Posted: 09 May 2014 09:00 AM PDT
HOMEGROWN technology could make walking in sweltering outdoor temperatures and working in chilly offices a more comfortable experience.
It involves powder- and fibre-like materials which can be used in clothes.
They can be about as thick as a strand of hair or thinner. These can keep a person cool in warm weather by absorbing body heat and dispersing it.
When the person is in a cold environment, the materials, which are said to be thrice as good as existing products in conducting heat, are able to do the reverse.
The technology was one of several showcased by the Agency for Science, Technology and Research (A*Star) yesterday at its Next-to-the-Skin exhibition at Biopolis in Buona Vista.
Exploit Technologies – the technology commercialisation arm of A*Star – put up the exhibition to go alongside the two-day Startup Asia conference, which ended yesterday.
The conference organised by Tech In Asia, a tech news site, showcased technology start-ups and their products.
By holding its exhibition next to the conference, Exploit hoped to interest companies in A*Star's prototypes and investors in commercialising them.
Radiana Soh, Exploit's assistant vice-president, said the prototypes were developed within a month earlier this year after A*Star scientists met private companies and investors.
The four researchers, led by Dr Shah Kwok Wei, a scientist from A*Star's Institute of Materials Research and Engineering, behind the cooling materials are now working with a United States company to incorporate them into hospital beds.
Other possible applications include using the materials in firemen's uniforms, sports attire and hiding soldiers from snipers that track targets using heat signature.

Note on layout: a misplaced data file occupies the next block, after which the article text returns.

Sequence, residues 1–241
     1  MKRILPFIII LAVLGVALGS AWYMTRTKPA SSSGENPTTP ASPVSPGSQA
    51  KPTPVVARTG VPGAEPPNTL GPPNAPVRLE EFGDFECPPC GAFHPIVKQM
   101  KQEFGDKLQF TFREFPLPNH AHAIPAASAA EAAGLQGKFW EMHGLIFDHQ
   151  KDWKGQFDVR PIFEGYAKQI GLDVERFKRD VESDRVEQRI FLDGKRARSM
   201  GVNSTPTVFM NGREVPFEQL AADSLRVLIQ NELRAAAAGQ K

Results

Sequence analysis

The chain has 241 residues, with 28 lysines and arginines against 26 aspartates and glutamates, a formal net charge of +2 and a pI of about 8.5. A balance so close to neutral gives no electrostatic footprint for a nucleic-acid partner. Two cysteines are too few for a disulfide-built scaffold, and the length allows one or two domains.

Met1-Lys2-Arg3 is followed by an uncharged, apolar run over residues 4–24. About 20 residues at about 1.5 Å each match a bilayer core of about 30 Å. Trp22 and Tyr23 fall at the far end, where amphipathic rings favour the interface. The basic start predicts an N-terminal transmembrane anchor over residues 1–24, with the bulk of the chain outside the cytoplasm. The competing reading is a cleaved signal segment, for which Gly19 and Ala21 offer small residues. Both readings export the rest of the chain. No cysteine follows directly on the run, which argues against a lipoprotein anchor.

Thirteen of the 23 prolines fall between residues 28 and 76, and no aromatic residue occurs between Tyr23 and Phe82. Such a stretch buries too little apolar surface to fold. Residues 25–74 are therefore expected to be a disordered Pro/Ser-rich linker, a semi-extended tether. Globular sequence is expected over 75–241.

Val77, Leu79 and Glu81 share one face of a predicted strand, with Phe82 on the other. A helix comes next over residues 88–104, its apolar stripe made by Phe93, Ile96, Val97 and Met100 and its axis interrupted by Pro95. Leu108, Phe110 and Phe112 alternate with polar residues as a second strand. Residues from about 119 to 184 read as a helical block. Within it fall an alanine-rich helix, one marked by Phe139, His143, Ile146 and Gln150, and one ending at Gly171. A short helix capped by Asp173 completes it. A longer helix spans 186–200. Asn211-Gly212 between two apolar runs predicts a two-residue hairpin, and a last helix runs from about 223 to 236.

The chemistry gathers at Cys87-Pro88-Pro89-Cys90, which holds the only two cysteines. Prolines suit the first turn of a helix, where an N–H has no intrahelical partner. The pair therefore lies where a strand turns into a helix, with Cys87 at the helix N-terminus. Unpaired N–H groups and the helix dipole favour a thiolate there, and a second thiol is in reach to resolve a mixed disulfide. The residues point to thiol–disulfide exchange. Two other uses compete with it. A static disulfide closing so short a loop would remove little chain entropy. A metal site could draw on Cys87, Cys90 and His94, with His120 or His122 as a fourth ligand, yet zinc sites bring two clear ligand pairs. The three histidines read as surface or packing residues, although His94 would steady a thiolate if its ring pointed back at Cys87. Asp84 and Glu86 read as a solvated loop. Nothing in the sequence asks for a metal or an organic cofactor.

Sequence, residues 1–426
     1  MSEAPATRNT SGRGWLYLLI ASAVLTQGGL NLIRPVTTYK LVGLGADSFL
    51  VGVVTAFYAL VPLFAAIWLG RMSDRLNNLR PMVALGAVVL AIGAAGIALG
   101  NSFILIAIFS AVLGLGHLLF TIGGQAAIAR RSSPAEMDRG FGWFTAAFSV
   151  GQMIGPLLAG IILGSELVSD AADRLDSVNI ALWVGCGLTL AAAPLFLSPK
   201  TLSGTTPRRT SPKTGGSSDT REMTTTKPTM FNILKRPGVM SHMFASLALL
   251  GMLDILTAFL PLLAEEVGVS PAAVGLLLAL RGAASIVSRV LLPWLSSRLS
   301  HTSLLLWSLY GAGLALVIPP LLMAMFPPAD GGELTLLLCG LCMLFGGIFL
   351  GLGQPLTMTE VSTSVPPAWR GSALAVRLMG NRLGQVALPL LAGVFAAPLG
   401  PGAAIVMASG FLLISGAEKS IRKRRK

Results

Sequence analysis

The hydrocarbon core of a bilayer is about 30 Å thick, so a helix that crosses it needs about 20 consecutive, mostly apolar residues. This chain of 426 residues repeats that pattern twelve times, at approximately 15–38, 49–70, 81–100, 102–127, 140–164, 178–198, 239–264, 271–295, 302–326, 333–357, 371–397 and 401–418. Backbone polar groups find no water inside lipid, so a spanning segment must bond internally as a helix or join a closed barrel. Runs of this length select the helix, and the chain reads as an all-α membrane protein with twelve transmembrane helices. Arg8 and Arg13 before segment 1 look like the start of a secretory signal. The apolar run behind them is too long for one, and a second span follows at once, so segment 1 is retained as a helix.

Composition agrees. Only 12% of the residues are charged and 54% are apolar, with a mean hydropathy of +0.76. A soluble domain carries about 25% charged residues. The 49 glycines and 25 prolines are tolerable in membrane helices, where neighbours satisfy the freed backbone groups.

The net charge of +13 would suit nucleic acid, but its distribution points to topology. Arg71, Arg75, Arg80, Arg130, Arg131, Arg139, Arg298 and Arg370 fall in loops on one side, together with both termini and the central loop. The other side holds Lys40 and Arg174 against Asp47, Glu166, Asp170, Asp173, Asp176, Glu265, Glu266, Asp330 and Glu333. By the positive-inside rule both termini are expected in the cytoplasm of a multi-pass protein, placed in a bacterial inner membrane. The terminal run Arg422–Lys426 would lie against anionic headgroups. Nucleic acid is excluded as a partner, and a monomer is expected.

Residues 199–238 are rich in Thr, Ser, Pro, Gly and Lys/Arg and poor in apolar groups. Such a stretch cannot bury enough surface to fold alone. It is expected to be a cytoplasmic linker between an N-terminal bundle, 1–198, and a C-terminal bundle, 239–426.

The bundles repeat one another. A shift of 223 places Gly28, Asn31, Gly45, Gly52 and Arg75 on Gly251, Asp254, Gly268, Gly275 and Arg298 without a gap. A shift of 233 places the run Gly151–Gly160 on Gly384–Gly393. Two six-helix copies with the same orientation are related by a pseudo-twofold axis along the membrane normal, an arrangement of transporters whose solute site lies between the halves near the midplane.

Other prototypes that were exhibited included a pillow that uses optic fibre sensors to monitor sleep patterns.
Similar technology embedded in baby swaddles will also be able to monitor the vital signs of newborns. These products can warn caregivers if something is wrong.
A fashion show of outfits designed by Nanyang Technological University students from the School of Art, Design and Media, and which incorporated some of A*Star's technologies, including the cooling materials, was also held yesterday evening at Biopolis. — The Straits Times / Asia News Network
Posted: 09 May 2014 09:00 AM PDT
ISLAMIC scholar and senior religious teacher Ustaz Ibrahim Kassim (pic), who played a key role in helping to rehabilitate terrorists, died yesterday. He was 88.
Ustaz Ibrahim was in the pioneer batch of volunteer Islamic scholars who formed the core of the Religious Rehabilitation Group (RRG), which was founded in 2003 to rehabilitate Muslim extremists in Singapore.
He also helped in a big way to develop Singapore's model of religious rehabilitation from scratch, after the 2001 arrest of Jemaah Islamiyah members here.
At the Whitley Detention Centre, he and other Islamic scholars would meet the detainees and address their misinterpretations of Islamic concepts, like jihad.
Yesterday, Prime Minister Lee Hsien Loong paid tribute to the community leader in a condolence letter to his daughter Sakina.
Ustaz Ibrahim championed moderate Islam and worked closely with the government and the Muslim community to counter radical Islamic ideologies propagated by extremist terrorists, Lee wrote.
"He made a special effort to attend my dialogue with the Malay/Muslim leaders on the tudung issue in January, even though he was ill," Lee added.
"I was touched that he subsequently wrote to me to support what I had said about the tudung issue."
Lee also said he met Ustaz Ibrahim, who "was frail, but in good spirits", at the pioneer generation tribute party in February.
Deputy Prime Minister and Home Affairs Minister Teo Chee Hean said the religious teacher made many contributions, and that he was impressed by his knowledge and humility.
Minister-in-charge of Muslim Affairs Yaacob Ibrahim, speaking yesterday at the Al-Khair Mosque in Choa Chu Kang where a prayer session was held before Ustaz Ibrahim was buried, said: "He recognised that the phenomenon (of Islamic extremism) has to be tackled, and if the religious elites do not step forward, then who else is able to?"
Ustaz Ibrahim is survived by four children, nine grandchildren and a great grandson. — The Straits Times / Asia News Network
Posted: 09 May 2014 09:00 AM PDT
BEIJING: Having one of his own ribs cut out to turn into a necklace, enduring a slashing from neck to thigh – He Yunchang will do anything for art as long as it does not kill him.
The extreme performance artist's head is almost entirely shaved and his face flecked with faint scars from his shows.